On Sunday night, Hollywood’s most elite celebrities walked the red carpet in their silk gowns and velvet suits for the 67th Primetime Emmy Awards. Many were nominated for their television performances but I was particularly interested in the female African-American nominees. In recent years I have noticed a spike in television shows with Black leads or predominantly Black casts. These shows produced a few winners this time around.
Regina King won Outstanding Supporting Actress In A Limited Series or a Movie for her role as Aliyah Shadeed in American Crime on NBC. Uzo Aduba won Outstanding Supporting Actress In A Drama Series for her role as Suzanne “Crazy Eyes” Warren in Orange Is The New Black on Netflix. Viola Davis won Outstanding Lead Actress In A Drama Series for her role as Annalise Keating in ABC’s How to Get Away with Murder.
Viola Davis’ Emmy win put her in the history books as the first African-American woman to win best actress in a drama. This is a huge deal to me. As she pointed out in her acceptance speech, opportunities for big roles in Hollywood do not come often for women of color. Growing up I saw Black girls on primetime TV as the sassy side kick or the ratchet reality star. Today I see independent, business owning characters like Olivia Pope on Scandal and Cookie Lyon on Empire. Black women are finally being given important roles and are executing them flawlessly.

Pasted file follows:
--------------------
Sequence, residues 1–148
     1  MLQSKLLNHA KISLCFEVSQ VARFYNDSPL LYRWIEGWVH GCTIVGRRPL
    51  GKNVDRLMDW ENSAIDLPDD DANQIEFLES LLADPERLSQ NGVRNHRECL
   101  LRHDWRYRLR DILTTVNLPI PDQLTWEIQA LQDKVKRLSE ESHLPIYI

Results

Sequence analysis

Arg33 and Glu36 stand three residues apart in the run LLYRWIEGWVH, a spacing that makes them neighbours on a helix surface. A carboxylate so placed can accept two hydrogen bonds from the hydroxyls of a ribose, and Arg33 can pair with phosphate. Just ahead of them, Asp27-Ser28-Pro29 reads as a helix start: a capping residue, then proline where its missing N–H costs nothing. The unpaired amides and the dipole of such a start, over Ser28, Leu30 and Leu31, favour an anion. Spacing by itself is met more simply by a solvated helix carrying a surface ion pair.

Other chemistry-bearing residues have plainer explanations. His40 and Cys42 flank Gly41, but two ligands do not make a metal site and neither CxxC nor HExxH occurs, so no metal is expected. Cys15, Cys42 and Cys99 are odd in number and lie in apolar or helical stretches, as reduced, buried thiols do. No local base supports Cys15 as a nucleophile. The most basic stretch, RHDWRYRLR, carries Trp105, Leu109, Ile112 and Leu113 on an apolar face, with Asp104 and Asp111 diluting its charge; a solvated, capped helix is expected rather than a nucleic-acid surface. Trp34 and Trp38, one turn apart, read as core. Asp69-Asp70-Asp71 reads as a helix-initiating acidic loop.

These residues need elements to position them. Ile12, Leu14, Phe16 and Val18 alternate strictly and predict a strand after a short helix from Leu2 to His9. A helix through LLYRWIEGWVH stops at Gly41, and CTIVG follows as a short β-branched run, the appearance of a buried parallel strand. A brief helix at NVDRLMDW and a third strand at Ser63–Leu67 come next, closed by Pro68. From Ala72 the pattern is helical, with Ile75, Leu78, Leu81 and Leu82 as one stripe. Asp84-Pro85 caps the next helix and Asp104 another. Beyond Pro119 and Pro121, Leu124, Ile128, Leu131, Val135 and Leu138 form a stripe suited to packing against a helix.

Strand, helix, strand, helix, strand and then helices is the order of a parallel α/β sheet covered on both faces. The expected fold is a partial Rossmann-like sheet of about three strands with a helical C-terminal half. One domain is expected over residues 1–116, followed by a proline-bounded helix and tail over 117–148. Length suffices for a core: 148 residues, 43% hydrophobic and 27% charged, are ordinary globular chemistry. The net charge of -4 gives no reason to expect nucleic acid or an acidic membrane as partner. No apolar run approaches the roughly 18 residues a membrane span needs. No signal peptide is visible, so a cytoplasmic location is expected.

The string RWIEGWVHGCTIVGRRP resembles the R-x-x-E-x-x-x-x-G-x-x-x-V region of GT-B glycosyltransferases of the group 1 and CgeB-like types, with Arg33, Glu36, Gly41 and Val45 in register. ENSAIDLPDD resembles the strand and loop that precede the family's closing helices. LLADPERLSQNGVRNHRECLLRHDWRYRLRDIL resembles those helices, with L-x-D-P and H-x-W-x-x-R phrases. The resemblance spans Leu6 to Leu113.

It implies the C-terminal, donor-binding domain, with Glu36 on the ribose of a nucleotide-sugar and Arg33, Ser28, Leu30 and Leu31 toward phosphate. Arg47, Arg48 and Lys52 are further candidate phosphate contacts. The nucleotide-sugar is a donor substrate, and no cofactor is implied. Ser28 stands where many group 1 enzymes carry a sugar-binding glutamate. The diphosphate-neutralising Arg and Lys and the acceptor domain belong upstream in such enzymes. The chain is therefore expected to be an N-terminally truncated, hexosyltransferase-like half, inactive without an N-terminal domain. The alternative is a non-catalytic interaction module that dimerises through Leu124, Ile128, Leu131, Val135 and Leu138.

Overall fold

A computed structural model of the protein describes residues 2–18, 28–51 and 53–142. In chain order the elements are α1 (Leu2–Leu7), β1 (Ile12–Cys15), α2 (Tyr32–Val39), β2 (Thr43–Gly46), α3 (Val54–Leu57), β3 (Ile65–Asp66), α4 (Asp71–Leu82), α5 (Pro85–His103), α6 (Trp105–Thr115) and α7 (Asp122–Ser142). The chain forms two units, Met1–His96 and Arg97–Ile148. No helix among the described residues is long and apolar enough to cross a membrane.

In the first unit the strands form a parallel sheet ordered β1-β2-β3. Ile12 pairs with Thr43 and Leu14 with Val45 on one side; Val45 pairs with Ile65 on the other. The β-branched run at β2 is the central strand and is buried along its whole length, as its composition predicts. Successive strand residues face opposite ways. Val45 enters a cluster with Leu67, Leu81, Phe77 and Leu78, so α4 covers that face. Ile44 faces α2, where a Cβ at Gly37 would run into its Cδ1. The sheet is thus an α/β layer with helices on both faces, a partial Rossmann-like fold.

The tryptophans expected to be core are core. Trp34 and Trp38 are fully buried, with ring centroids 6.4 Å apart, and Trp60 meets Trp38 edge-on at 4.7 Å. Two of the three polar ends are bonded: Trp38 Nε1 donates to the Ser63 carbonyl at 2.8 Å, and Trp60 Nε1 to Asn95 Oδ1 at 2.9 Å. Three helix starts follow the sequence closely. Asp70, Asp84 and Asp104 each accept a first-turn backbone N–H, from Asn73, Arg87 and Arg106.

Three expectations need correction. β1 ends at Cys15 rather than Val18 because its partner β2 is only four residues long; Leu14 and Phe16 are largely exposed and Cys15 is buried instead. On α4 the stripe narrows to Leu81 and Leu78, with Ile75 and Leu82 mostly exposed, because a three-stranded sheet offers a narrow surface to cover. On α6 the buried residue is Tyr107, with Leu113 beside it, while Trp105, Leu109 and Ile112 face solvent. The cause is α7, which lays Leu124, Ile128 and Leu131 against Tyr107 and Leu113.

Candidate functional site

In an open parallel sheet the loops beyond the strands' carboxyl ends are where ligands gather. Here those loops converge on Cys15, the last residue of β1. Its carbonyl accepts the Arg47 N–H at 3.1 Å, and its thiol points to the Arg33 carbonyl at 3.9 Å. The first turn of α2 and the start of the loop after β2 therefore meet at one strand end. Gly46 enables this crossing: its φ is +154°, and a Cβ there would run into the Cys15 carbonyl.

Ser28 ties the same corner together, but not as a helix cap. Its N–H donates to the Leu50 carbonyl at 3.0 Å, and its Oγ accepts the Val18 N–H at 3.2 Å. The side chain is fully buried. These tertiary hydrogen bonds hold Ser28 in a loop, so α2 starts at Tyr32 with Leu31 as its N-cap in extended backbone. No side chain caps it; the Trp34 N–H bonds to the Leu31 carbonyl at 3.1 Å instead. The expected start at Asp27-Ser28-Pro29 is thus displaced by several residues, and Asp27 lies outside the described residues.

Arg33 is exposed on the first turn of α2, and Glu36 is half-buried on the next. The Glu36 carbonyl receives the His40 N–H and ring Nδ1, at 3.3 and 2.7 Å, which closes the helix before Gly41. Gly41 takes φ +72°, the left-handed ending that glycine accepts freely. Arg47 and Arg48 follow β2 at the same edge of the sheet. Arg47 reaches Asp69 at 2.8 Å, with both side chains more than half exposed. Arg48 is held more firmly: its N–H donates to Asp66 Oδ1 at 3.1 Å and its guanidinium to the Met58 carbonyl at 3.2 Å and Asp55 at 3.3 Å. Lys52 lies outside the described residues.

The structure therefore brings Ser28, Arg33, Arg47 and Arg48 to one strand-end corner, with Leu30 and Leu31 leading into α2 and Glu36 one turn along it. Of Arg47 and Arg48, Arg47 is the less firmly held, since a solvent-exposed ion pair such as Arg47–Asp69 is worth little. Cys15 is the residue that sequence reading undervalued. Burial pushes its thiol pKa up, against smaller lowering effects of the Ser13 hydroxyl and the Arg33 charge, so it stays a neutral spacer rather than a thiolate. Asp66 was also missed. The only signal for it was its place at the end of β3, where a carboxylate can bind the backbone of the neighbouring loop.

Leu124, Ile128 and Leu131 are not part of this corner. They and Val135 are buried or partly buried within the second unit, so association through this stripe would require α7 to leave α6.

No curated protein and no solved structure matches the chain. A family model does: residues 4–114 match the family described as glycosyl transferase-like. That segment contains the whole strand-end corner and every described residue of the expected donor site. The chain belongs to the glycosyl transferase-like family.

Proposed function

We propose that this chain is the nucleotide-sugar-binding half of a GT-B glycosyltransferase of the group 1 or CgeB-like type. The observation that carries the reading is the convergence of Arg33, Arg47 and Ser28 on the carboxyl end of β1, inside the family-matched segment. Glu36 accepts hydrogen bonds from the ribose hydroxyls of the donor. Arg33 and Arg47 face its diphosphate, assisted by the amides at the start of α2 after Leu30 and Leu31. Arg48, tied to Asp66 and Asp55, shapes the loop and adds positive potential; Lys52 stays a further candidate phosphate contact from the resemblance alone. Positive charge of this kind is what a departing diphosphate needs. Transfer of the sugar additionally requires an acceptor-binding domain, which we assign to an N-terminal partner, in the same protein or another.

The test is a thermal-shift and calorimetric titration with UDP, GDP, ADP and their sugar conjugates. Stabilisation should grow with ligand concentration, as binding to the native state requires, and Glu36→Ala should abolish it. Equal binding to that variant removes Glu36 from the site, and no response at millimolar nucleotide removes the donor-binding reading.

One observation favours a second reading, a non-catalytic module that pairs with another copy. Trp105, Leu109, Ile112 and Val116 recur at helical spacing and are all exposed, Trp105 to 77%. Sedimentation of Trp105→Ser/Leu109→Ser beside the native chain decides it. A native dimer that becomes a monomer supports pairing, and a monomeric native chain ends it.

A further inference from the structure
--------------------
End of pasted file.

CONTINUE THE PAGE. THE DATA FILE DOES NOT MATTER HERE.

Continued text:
The 67th Primetime Emmy Awards made me exceptionally proud. In fact, the show empowered me. To see women of color accepting such a prestigious award for their talent and hard work gave me hope. Hope that one day African American women like myself will be recognized everywhere for their significant accomplishments. When I say significant accomplishments I mean in education, art, business and the like. What I don’t mean is accomplishments in twerking, Instagram and being a basketball wife. These are the things that African American girls are striving for when instead they should be taking notes from Viola Davis and her peers. Here is a woman who beat 5 other women, 4 of which were Caucasian, for her sheer talent and accepted the award in her natural hairdo. Barriers are being broken every day and these Emmy winners are an example of that. If more Black girls look up to women of substance, they too can be winners.